Figure 3

X-ray diffraction pattern obtained from the central area of Fig. 1B. Twenty-one diffraction lines are indexed in the monoclinic baddeleyite structure (M I). One diffraction line (R 110) belongs to rutile (R) (Table 1).

Table 1

Indexed peaks of the x-ray diffraction pattern and Miller indices collected from the natural baddeleyite-structured TiO2 in the assemblage shown in Fig. 1, A and B.

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We infer that the new phase formed by direct reconstructive phase transition from rutile. Formation by back-transformation through inversion of one of the denser orthorhombic O I polymorph, the PbCl2-structured O II polymorph, or the cotunnite-structured O II polymorph would require much higher pressures [P = 28 to >60 GPa (10)]. Pressures at this range would have induced not only the inversion of quartz to stishovite but also melting in feldspar and quartz in the shocked gneiss (20, 22, 23). We find no evidence of melting in feldspar or silica grains. Raman studies of the silica inclusions in garnet show that they are dense diaplectic glass with no evidence of coesite or stishovite (18,20, 22–24). This entirely excludes the denser polymorphs as possible precursors. Consequently, the peak pressures very probably did not exceed 28 GPa. However, we cannot entirely exclude the possibility that the new phase formed by inversion of the O I phase.

The fabric setting of the monoclinic ZrO2-structured phase is indicative that the original rutile grains in the core of the cluster experienced higher peak pressures than did the grains near the exterior and that pressure attenuated in the cluster outward during the impact event. Our x-ray diffraction analysis of the assemblage depicted in Fig. 1 revealed no evidence for the presence of the orthorhombic α-PbO2–type phase (Fig. 3 and Table 1). This result supports the idea that the high-pressure polymorphs in the Ries event were preserved during the post-shock decompression period. This contradicts the results of static experiments (8–11). However, we may speculate that the presence of minor elements (0.14% FeO and 0.20% Nb2O5) could have been an important factor in preventing the expected back-transformation during decompression. Another possible reason for preservation of the new phase could be the existence of intrinsic post-shock stresses in the high-pressure assemblage in the oxide clusters. The following parameters of the Birch-Murnaghan equation of state were obtained for synthetic baddeleyite-type TiO2 (10): KT = 304(6) GPa, K′ = 3.9(2), and VO = 16.90(3) cm3/mol. We obtained a molar volume of 16.82(2) cm3/mol for the natural polymorph. This could indicate that the natural sample has a residual stress of about 1.5 GPa, which could stabilize the baddeleyite-type–structured TiO2. Diaplectic SiO2 glass in the same gneisses also shows evidence of residual stress. Raman spectra of diaplectic SiO2 glass inclusions in garnet in the shocked gneisses are very similar to spectra collected from SiO2 glass dynamically densified at 25 GPa (22, 23,28).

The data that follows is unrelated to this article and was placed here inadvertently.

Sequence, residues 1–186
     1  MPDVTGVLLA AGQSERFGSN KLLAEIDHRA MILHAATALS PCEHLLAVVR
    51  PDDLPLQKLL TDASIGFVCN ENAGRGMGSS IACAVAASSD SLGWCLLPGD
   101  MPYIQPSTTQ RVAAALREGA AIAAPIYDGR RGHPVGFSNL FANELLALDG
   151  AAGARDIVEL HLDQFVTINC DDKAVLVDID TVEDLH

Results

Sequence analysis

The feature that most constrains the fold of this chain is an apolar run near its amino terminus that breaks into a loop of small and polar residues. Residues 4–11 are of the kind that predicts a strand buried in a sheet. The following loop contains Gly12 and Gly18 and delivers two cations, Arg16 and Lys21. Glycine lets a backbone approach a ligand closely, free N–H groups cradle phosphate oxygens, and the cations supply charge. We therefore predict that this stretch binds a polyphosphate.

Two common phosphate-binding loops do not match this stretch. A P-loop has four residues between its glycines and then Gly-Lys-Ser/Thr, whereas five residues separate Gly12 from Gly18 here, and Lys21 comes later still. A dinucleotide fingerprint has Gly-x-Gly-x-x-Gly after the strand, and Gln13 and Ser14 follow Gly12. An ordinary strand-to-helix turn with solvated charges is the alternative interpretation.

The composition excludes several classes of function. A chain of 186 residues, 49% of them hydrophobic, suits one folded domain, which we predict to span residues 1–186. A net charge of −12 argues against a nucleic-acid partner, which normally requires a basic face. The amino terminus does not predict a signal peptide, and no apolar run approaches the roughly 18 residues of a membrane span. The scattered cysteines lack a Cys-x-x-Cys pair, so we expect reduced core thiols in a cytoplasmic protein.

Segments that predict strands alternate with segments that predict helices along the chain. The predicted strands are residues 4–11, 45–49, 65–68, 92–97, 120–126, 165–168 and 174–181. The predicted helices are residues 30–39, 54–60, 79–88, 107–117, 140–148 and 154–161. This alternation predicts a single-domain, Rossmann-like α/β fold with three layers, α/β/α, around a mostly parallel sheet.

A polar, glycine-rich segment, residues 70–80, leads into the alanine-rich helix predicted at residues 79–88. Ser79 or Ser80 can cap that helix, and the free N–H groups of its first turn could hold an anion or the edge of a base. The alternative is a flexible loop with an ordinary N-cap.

The survival of the new polymorph of TiO2 in the shocked gneisses of the Ries crater also provides additional evidence for very low post-shock temperatures. The post-shock temperature must have been far below the upper temperature bound of the orthorhombic α-PbO2 phase (500°C).

A search for post-rutile polymorphs in the Tagamites of Popigai crater in Russia revealed no dense TiO2 phases. This impactite was subjected to post-shock temperatures much in excess of 1000°C, thus leading to extensive melting (29) and back-transformation to polycrystalline rutile.

Rutile in subducted crust is expected to transform to the new phase in the lower regions of Earth's upper mantle or at the transition zone. Because this polymorph is isostructural with baddeleyite, it can accommodate appreciable amounts of ZrO2and HfO2 in solid solution. This may change the fractionation and partitioning processes of these elements at the transition zone (660 km depth) and the lower mantle.

  • * To whom correspondence should be addressed. E-mail: goresy{at}mpch-mainz.mpg.de